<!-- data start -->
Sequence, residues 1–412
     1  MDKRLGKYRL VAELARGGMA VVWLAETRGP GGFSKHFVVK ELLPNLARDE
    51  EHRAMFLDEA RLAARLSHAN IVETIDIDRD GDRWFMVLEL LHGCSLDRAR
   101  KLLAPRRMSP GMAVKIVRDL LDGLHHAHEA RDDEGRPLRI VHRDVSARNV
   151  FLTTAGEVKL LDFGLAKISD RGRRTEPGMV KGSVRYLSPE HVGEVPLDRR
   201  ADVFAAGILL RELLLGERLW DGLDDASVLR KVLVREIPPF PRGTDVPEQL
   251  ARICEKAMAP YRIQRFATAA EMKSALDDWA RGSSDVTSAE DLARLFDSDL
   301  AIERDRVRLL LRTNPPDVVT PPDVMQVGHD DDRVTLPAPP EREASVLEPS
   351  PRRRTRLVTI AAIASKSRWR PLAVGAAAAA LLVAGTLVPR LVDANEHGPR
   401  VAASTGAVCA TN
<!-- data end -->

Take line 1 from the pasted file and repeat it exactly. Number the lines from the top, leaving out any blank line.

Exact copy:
Sequence, residues 1–412